Don't fear privacy protectionarm yourself with fairness checks

Horror stories are making individual data privacy a hot issue.

But privacy is such an amorphous concept that people responsible for personal data are
often not sure to how to approach it. Of the myriad issues that fall under the broad
heading of privacy, information privacy quandaries are the ones federal and state agencies
are most likely to face.

The most pitfalls for privacy custodians lie in the collection, maintenance, use and
disclosure of personally identifiable information. Proposals--either in law or
regulation--for databases, identifiers or computer links all raise information privacy

Europeans use the term "data protection," which is much more precise than
"privacy" because it focuses on information privacy and avoids other privacy
issues such as child rearing, abortions and self-incrimination. Some people incorrectly
think that data protection only means data security.

Suppose you are engaged in a project that uses citizens' personal information. How do
you begin to think about the privacy interests involved? One handy place to start is with
fair information practices.

Fair information practices were first proposed by a federal advisory committee in 1973.
Congress used the concept to draft the Privacy Act of 1974, the first fair information
practice law in the world. The European data protection movement picked up the idea. Now
just about every foreign privacy law uses fair information practices as the source for
basic privacy policies.

Although there are no universally agreed-upon components, most fair information
practices are quite similar and include these eight principles:

Of course, the right of access may not be absolute. You may not always be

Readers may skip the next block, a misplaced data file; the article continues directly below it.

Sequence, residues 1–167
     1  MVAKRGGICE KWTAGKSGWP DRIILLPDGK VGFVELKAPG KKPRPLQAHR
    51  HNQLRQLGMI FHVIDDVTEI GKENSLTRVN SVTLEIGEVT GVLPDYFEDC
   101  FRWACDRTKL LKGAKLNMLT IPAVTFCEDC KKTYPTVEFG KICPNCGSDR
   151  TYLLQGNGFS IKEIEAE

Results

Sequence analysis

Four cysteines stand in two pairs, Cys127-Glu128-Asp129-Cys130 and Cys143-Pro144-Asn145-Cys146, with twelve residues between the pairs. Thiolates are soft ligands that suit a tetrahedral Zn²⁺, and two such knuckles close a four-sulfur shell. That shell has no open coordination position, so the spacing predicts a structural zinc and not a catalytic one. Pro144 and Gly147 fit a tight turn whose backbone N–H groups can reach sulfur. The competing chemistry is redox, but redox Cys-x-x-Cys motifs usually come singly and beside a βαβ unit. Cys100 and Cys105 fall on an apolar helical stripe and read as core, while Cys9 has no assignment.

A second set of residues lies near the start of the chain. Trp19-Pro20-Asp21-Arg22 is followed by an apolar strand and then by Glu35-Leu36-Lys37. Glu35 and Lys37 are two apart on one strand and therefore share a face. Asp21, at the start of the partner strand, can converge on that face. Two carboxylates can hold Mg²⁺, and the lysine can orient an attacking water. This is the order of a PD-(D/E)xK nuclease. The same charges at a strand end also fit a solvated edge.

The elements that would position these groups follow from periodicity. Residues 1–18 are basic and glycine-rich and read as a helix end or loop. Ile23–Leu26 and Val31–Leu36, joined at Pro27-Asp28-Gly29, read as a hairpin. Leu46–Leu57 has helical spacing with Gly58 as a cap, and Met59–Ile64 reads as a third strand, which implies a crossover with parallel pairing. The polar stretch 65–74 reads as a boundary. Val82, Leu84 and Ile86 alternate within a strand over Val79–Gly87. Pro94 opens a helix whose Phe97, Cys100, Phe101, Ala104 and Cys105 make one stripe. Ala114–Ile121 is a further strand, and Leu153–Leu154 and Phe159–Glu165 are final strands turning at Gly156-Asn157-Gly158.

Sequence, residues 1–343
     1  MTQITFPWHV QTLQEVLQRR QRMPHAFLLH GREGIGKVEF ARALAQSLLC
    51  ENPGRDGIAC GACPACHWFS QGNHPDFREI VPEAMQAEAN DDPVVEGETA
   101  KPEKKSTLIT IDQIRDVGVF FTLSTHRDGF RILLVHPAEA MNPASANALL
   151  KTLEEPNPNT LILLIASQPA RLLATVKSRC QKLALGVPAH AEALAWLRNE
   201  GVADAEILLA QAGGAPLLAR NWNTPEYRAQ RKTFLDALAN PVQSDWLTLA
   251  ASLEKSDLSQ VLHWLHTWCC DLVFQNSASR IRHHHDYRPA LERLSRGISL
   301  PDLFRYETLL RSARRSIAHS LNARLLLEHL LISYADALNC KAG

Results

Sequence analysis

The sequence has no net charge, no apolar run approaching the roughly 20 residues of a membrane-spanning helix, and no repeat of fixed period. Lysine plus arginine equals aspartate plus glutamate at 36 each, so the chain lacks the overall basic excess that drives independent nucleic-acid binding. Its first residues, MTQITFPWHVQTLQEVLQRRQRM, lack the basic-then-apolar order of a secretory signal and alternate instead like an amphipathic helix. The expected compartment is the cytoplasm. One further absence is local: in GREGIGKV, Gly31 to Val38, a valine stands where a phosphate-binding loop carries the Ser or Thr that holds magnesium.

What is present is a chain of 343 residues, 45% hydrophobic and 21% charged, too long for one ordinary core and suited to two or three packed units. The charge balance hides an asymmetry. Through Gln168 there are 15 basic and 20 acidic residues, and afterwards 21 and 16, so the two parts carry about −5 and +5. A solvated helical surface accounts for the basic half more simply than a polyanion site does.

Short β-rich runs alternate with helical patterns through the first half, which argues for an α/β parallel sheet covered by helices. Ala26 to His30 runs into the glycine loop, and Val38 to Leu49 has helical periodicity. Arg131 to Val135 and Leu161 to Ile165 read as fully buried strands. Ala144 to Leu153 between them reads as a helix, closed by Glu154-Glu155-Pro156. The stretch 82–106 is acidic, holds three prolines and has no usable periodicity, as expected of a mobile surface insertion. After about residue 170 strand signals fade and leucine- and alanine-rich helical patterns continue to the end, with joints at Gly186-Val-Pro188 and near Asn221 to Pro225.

entitled to see your FBI file because law enforcement or national security interests may
trump your privacy rights. Felons can't erase their own criminal records.

The trick with fair information practices is to apply them correctly to each given set
of personal records. For example, medical record-keepers should meet a higher standard of
data quality than pizza delivery companies. Incorrect medical records could kill somebody.
Unwanted anchovies will only ruin a good pizza.

So what do you do when confronted with a brand new information privacy issue? Now that
you know about fair information practices, starting is easy. Just bring out this
checklist. Then order a really large pizza because making decisions about how to apply the
principles to real records can be a lot more difficult than it looks.n

Robert Gellman, former chief counsel to the House Government Operations Subcommittee on
Information, Justice, Transportation and Agriculture, is a Washington privacy and
information policy consultant. His e-mail address is

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